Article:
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Does Child Support consider owing the IRS when imputing income?

mommy78's picture

DH owes the IRS 100K they garnished his wages and only stopped when he worked out an arrangement. DH is ordered to claim 0 for filing status for both state & federal. So half of his check goes to taxes and we have 2 other kids aside from his oldest. . He also pays them 2 k per month until paid off. Does the judge consider this as a hardship if you supply him with the proof?

Orange County Ca's picture

Everyone considers that they paid their fair share and if you didn't and got caught and have to suffer now well then good. Daddy needs to get a second job to pay off his just debts to the tax man.

If you follow the money you would see that relieving him of child support to pay his taxes means effectively his children are going without to pay the taxes. If that leaves them poor enough they qualify for welfare - say food stamps - then I, a honest taxpayer, have to not only pay my taxes but his also. There is no sympathy for a tax cheat.

In days of yore he would have been hung. The bright side today is if he's poor enough he can apply for food stamps. We want him healthy until he can pay off his taxes.

frustratedstepdad's picture

If he does get a 2nd job, I would highly recommend it's a job where gets cash such as waiting tables or bartending.

mommy78's picture

Well DH is paying child support and he has 50% custody and paying all medical dental etc. BM wants more Money

Journey1982's picture

SO fell behind on his business taxes due to the economy tanking. After his business failed and he closed it, he got a full time job and the IRS took everything - I mean everything in his bank account and garnished his entire paycheck for approximately a year. He fell way behind in his child support and alimony. After he paid back every penny of the taxes he owed (way more than your DH) he was told by an attorney that he could have requested a reduction in CS because he essentially had no income.

Rags's picture

Nope. CSE does not care who or what you owe for any reason. Generally only the income of the BioParents and who has custody really matters regarding CS amounts.

There are some sitautions where other financial sources can impact CS and even for a SParents income to be in play. But generally the courts don't care about the details of how either party lives or pays their bills.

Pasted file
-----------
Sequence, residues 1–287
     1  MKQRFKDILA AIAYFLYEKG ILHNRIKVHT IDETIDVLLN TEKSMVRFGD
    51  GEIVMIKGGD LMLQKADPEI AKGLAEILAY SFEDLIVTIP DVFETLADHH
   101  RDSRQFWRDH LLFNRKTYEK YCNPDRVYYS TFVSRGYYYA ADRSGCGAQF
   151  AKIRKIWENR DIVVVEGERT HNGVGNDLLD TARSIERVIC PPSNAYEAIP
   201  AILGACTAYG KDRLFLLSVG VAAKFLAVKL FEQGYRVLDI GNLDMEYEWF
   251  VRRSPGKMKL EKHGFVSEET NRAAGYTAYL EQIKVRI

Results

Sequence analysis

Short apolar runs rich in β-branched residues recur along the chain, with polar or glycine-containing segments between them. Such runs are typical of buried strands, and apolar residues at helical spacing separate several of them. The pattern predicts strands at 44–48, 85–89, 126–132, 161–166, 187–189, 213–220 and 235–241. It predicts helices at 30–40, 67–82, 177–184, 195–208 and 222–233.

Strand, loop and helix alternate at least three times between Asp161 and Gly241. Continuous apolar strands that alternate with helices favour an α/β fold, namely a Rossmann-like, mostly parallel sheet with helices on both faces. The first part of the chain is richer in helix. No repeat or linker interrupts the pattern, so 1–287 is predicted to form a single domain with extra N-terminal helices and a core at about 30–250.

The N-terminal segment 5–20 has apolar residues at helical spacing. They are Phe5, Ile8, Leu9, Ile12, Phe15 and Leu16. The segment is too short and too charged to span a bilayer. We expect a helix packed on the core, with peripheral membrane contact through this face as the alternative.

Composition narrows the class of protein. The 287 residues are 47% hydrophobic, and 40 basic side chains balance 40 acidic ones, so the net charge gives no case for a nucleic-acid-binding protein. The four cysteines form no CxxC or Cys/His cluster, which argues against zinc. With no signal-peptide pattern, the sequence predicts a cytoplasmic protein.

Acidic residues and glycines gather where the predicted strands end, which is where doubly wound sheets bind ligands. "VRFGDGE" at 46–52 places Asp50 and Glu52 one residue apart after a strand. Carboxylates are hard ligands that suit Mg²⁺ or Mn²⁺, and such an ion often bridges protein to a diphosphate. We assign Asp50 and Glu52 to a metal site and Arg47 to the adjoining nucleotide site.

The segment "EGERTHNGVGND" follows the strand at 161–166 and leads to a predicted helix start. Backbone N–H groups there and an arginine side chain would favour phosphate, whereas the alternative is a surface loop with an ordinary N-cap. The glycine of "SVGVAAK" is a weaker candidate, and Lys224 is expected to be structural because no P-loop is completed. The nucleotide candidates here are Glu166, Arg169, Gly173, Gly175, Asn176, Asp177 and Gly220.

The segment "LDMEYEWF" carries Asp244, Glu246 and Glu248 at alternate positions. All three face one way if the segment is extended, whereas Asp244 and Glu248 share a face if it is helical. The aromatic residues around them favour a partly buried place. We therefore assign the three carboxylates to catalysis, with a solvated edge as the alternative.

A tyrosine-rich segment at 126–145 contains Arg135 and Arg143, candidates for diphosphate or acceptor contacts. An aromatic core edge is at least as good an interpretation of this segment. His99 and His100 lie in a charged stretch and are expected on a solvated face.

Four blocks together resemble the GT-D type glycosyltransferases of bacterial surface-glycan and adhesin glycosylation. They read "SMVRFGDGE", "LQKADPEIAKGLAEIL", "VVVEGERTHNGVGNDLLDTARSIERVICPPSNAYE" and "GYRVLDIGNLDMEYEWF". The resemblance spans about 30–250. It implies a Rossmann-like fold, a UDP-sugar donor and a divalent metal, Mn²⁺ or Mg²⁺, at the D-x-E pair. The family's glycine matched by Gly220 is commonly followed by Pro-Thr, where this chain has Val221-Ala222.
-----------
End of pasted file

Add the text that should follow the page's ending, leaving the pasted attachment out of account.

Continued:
If one or the other BioParent is unemployed then their earning potential (income history, education, qualifications, etc...) can come in to play to establish a CS amount.

SanAntonioSoccerMom's picture

Ugh what a nightmare. How does one owe the IRS 100K? That is just crazy. Have you looked into any of those tax attorneys that claim to settle tax debts for pennies on the dollar?

K.C.'s picture

We have been through this with the IRS when DH had his own business. We didn't owe that much, approx $15K but I think it is the same routine no matter how much you owe. Basically my husband wasn't estimating his taxes for the business on a quarterly basis which is what he should have done. Ya think he told me about any of this? Hell no. I didn't find out until I got the mail to find a notice from the IRS attempting to levy our bank account.

We never tried a tax attorney but he called the IRS directly and set up a payment plan with them. Our bank account was never levied but it took us over 8 years to pay the $15K back and the interest and penalties is a KILLER but we are finally DONE. It doesn't matter if he pays CS. Back then, my dh's check basically went to IRS and CS while I supported the household with my paycheck. Now? My dh no longer has his own business, he works for a large company and has the maximum taken out of his check for taxes. He sees giving the maximum amount as a loan to the gov't and he hates that and he wanted to have a small amount taken out but I told him since he is irresponsible in estimating how much he might owe at the end of the year forget that idea!

Living off the grid and eating berries and mushrooms out in the woods seems really appealing sometimes. Blum 3